by Jim Gehman
“Growing up as a kid I always said if I was able to get out of the inner-city in New Orleans, I wanted to come back and help kids get a chance to advance,” said Royal, who played eight years the NFL with Washington, Buffalo and Cleveland. “It was actually a typical football camp the very first year. We happened to partner up with the Boys & Girls Club and they brought some girls, so we added a cheer portion to it.”
After a few years, the camp evolved into the Robert Royal Foundation, a non-profit 501(c)(3) organization dedicated to help raise awareness and tackle childhood obesity by promoting education, fitness and overall health in schools and communities.
That in turn led Royal and his wife, Toneka, a former longtime fitness competitor who has authored a book on nutrition, to start a program called P.H.I.T. Kidz, which stands for Physical Health Innovative Training. They combined P.H.I.T. Kidz with the football/cheer camp and began calling it the Robert Royal Foundation Wellness Weekend.
“We were able to get a lot of those kids that typically wanted to play Xbox or just sit inside to do creative things,” Royal said. “Whether that was potato sack racing, tug-of-wars, dance competitions, zoomba, pilates, yoga. We found all kinds of cool ways to incorporate it with the young girls and boys to actually get out there and get motivated.
“(And we added) ACT and SAT scoring for the parents that are there to understand some of the literature for the kids that may be getting scholarships, some of the language they’ll need to know going into college. We even brought some dentists in to talk about the gum disease, the importance of gum health and dental health. So, over the years we’ve added different vendors to come in and try to bring awareness to the whole wellness aspect of living.”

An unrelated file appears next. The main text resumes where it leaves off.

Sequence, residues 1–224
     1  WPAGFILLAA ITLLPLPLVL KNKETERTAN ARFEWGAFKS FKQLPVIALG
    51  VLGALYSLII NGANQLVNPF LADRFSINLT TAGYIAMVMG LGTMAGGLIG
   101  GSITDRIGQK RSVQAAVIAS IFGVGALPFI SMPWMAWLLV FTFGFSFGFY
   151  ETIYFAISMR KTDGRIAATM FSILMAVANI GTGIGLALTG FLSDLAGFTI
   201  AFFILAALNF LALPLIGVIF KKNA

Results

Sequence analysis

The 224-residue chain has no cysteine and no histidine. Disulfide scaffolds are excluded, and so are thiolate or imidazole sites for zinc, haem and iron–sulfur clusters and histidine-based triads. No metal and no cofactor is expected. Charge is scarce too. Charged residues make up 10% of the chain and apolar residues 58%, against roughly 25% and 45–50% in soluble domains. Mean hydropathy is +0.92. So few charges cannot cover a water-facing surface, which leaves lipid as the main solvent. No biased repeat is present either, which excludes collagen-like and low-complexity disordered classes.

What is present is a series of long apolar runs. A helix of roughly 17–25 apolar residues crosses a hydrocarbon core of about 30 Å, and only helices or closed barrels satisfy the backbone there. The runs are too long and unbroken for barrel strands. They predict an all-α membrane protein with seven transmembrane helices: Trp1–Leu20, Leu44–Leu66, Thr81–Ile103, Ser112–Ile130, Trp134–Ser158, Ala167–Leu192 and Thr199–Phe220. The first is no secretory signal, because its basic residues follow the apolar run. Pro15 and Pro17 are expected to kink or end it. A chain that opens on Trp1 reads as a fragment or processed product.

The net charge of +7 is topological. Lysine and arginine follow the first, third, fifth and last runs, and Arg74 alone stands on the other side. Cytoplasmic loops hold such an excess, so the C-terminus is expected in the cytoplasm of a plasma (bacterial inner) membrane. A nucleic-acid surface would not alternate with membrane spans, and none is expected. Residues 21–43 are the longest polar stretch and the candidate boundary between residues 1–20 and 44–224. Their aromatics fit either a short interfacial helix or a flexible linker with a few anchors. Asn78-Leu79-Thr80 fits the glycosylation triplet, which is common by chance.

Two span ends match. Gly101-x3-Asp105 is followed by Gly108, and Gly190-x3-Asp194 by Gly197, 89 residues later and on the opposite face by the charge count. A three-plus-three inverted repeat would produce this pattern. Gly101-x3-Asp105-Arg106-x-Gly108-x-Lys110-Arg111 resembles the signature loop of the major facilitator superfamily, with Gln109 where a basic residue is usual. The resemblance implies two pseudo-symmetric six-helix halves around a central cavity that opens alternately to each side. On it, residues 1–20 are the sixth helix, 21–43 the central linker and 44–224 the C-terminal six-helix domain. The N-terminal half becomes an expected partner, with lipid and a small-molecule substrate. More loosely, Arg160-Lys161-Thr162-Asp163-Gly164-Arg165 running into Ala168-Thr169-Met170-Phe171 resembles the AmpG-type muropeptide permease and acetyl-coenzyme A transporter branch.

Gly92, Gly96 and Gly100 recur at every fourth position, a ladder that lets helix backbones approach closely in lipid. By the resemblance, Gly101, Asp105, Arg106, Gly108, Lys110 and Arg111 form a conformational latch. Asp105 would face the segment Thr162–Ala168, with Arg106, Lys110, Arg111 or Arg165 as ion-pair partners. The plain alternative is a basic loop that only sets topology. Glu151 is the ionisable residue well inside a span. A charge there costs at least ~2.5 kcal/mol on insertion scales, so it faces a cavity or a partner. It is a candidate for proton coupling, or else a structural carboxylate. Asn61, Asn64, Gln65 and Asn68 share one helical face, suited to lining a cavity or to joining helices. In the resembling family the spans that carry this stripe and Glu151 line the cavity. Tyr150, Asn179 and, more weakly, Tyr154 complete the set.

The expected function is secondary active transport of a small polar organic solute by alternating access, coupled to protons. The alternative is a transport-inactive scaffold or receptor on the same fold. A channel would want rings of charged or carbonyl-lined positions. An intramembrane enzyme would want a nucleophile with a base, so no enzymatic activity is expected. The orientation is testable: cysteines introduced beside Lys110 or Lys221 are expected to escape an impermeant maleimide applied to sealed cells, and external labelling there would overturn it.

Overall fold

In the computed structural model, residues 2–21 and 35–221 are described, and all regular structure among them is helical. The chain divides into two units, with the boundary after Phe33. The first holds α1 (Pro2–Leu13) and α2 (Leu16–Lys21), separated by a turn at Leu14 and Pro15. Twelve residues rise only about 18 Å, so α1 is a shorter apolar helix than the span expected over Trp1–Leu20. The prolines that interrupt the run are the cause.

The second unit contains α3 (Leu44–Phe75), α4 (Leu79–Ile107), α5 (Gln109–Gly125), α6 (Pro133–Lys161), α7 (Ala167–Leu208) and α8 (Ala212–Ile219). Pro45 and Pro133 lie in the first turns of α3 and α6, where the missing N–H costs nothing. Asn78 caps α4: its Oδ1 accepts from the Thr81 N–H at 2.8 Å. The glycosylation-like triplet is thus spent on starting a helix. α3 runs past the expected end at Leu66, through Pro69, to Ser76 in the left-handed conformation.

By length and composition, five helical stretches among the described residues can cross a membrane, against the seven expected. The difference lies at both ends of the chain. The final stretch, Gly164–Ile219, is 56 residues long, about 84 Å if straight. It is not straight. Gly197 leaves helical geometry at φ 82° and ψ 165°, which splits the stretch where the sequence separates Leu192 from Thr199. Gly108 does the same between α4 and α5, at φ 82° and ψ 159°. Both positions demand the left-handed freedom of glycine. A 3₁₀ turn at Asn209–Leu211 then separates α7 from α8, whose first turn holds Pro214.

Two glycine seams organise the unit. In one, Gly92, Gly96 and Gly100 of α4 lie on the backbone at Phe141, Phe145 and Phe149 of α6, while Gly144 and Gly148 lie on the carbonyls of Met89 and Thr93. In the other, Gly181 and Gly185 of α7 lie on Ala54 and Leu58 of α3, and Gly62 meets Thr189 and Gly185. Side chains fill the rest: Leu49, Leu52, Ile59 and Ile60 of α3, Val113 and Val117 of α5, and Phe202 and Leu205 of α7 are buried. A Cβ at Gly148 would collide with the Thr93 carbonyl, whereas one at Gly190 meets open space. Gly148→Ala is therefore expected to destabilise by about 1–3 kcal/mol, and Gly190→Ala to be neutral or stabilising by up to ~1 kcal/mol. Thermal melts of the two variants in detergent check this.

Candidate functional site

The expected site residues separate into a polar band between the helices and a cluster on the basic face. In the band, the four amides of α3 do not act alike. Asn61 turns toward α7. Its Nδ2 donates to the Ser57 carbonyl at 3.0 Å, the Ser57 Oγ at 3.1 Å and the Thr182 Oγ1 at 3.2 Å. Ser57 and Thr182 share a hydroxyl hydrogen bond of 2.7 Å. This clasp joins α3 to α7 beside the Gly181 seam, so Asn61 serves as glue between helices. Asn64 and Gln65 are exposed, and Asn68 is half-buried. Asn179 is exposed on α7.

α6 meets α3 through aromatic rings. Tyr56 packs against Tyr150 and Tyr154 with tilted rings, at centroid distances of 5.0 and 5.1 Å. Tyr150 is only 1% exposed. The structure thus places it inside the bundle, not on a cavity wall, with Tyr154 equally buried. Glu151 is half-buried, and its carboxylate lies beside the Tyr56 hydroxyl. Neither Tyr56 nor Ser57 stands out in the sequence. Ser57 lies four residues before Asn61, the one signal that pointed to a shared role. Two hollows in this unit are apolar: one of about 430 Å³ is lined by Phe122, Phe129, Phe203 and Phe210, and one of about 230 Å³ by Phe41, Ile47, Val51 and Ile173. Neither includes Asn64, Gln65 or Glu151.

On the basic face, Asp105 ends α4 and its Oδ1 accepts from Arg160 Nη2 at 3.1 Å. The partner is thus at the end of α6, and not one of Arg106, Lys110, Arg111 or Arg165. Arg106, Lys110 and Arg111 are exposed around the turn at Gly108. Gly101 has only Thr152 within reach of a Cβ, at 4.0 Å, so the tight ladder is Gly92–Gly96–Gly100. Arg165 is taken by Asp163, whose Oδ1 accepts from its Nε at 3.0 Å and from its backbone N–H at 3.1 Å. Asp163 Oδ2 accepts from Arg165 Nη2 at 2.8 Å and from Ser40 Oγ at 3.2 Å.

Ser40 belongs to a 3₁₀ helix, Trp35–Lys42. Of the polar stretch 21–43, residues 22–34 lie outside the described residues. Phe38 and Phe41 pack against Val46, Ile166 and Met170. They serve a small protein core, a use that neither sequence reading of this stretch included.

They also began community outreach and job skills programs.
“What we try to do is make it important for kids to understand the goal is ultimately – as we continue to raise money to bring those programs to light – to make sure they understand that there are multiple ways that you can be successful in life. You don’t have to pick up a ball; you don’t have to sing or dance in order to be a productive citizen in life,” Royal said.
“Hard work trade skills that you typically don’t see now in the younger generation, whether that’s being a welder or whether that’s being an engineer, we’re just trying to bring that back to a kid’s mindset. And to understand that it’s OK to have those jobs and that you still can be productive and still have a lot of success and be able to provide for your family and do all the things that you want to do.”
While the foundation, now in its 12th year, continues to concentrate on New Orleans, it is looking to expand to Washington, DC and northern Virginia. Having assisted hundreds over the years, what does it feel like when Royal sees he’s making a difference in someone’s life?
“It’s almost like that feeling you get when you’re working your butt off from pee wee ball to high school ball to college, and finally you have a chance to get drafted in any professional sport,” he said. “The fulfillment you get out of all the hard work you’ve been putting in and to actually see some of the fruits of your labor come to fruition, and seeing the joy on other’s faces whether it’s a kid, a young teen or an adult, to be able to have a positive impact on their life, it’s like hitting the lottery for me to be honest.
“There isn’t anything you can give me that will equate to the feeling that you get from being able to service someone else. That’s the thing that keeps me going in life. I think I was put on this earth for that purpose. And so that’s some of the things that I always try to do just to make sure that me as a human being continue to feel whole.”